Wildlife

The Forest Society's mission includes conserving land that supports New Hampshire's native animals and plants, so that wildlife remains a part of our everyday world. Visit this page to explore stories, projects and stewardship related to wildlife and habitat.

Much more than tracks in the snow

When snow returns to the forest, wild neighbors guide me through a winter of changes.

The first measurable snowfall of winter stops me cold in my tracks. I stare at a landscape instantly transformed into a Currier …

 

By May, twilight arrives late. From the high and lonesome expanse of Interstate-89, evening alpenglow illuminates a flank of Mount Kearsarge, changing every second from yellow to gold and now pink, like an ember fallen from a fire. Purple shadows climb the lower slopes as the sun …

Something Wild: What's Good For The Goose

November's gray skies carry the last of the migrating Canada geese, graceful ribbons of true wild Canadians on a long-distance flight. These aren't the New England locals, flying low from golf course to cornfield.

You know how New Hampshire likes to be first in the nation when it comes to politics? Well, it turns out we’re stragglers in another category: sandhill cranes. They’ve been nesting in our neighboring states of Maine, Vermont and Massachusetts, but they never went granite until this year.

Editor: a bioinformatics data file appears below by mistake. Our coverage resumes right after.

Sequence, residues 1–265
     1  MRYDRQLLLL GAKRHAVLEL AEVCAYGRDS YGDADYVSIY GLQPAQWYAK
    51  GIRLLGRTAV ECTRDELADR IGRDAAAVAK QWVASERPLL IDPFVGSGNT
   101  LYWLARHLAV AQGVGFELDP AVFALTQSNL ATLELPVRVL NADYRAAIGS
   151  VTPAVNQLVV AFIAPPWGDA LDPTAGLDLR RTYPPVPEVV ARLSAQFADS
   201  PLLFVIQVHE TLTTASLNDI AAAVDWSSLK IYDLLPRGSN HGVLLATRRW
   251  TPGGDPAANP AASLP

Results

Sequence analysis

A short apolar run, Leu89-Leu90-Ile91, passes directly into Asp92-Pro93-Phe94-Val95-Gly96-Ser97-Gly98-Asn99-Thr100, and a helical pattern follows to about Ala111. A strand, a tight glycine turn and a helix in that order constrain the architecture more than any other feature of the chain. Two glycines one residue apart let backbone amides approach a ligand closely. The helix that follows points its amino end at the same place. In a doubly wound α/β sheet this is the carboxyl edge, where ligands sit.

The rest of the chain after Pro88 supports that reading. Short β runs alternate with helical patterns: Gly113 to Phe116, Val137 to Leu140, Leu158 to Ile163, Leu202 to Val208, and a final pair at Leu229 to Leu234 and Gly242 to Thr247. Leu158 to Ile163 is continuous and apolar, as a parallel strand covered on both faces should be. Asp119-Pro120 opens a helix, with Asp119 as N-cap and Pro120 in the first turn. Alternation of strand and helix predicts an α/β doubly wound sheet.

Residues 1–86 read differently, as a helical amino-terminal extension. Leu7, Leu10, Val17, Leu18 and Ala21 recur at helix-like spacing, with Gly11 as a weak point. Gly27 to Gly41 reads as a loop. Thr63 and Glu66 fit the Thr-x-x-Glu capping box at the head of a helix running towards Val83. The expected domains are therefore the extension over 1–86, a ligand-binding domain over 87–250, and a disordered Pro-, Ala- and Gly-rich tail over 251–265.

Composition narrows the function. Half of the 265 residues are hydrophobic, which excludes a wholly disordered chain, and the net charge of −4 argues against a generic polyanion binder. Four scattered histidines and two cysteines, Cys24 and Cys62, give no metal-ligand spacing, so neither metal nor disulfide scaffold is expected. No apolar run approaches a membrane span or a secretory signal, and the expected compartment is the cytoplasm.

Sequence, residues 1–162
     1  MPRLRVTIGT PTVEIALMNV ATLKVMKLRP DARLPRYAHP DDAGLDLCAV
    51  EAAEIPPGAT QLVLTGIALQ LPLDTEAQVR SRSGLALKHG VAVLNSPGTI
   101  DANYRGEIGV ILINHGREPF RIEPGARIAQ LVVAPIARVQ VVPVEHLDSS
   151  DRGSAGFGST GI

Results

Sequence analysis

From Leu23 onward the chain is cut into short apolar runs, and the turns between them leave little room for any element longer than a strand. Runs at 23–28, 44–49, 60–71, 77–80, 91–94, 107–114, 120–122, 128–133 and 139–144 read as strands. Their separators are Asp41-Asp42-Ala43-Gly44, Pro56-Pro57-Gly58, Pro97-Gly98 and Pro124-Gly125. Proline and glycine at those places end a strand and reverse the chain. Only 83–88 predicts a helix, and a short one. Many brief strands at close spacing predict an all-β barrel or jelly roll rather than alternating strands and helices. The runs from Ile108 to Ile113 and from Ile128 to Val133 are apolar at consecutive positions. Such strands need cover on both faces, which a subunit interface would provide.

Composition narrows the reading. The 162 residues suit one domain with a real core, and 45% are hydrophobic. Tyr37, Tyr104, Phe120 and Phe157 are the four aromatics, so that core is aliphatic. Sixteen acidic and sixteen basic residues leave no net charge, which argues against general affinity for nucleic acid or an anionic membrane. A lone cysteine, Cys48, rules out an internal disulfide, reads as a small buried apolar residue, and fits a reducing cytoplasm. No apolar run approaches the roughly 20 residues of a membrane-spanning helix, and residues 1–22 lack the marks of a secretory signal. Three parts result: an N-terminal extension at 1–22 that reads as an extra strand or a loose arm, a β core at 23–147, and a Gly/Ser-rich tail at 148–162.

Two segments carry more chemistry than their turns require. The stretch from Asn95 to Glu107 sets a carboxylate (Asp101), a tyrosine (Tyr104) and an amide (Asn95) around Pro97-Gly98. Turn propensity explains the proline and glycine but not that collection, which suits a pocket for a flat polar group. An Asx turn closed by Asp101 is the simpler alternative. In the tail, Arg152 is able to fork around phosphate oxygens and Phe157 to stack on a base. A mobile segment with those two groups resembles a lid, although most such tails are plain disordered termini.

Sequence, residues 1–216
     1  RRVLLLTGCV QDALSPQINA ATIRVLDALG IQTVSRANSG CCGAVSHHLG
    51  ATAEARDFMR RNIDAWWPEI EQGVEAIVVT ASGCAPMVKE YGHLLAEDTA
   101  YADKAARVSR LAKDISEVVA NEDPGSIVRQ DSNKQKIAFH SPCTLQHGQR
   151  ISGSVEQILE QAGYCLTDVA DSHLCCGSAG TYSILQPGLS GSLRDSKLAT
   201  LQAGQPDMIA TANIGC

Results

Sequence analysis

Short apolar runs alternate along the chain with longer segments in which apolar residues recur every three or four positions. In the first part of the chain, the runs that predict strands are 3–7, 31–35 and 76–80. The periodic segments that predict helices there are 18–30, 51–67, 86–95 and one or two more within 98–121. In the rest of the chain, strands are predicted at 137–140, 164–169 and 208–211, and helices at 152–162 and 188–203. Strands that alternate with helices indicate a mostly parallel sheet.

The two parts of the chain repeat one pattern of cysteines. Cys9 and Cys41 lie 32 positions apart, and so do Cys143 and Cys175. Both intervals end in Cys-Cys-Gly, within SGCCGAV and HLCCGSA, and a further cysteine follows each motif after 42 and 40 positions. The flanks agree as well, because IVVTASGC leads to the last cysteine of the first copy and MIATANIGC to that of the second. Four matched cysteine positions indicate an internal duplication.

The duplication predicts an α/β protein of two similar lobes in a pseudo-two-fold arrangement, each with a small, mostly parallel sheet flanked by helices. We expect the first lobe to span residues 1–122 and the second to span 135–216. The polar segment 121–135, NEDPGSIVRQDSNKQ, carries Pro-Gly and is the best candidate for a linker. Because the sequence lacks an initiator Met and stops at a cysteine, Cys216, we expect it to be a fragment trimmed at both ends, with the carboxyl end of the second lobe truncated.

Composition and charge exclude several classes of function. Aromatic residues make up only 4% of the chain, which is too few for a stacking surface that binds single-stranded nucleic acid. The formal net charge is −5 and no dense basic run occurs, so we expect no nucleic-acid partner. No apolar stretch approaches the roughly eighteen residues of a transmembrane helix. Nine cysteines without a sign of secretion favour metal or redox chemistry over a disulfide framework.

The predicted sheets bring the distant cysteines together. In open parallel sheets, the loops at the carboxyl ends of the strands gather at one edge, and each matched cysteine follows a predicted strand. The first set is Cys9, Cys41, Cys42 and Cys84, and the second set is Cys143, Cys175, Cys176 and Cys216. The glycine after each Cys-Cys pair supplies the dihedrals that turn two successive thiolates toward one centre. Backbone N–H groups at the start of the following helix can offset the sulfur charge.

Sometimes coyotes make such a commotion that the hair on the back of your neck snaps to attention—a hard-wired reaction we share with other mammals. So raucus is the noise that you imagine there must be a vast pack of coyotes, howling like a frenzied mob of ravenous Black Friday bargain-hunters waiting for Wal-Mart to open.

November is a great time to spot golden eagles. They are a rare sight in New Hampshire, but they do pass through the state on their annual migration. Right now they’re on their way south to winter in the central Appalachians.

Forget about spooky black cats, witches, ghosts and goblins; think about what happens to your pumpkin.

We love answering listener's questions and recently we received one that is a common query at both the Audubon and the Forest Society.

Why is it that some years there are tons of acorns and other years hardly any?

 

While hiking on Mount Monadnock this summer, I witnessed an odd phenomenon: nearly-motionless hovering insects with orange-yellow stripes over a dark body suggesting wasps or bees. The tight aerial formation of insects hovered at eye level in a shaft of sunlight over the trail.